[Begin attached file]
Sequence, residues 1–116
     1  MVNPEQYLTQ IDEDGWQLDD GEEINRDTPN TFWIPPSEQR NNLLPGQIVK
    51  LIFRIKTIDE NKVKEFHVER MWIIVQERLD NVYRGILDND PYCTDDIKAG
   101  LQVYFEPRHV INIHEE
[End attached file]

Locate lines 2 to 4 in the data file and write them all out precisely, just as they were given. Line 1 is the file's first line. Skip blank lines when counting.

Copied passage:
     1  MVNPEQYLTQ IDEDGWQLDD GEEINRDTPN TFWIPPSEQR NNLLPGQIVK
    51  LIFRIKTIDE NKVKEFHVER MWIIVQERLD NVYRGILDND PYCTDDIKAG
   101  LQVYFEPRHV INIHEE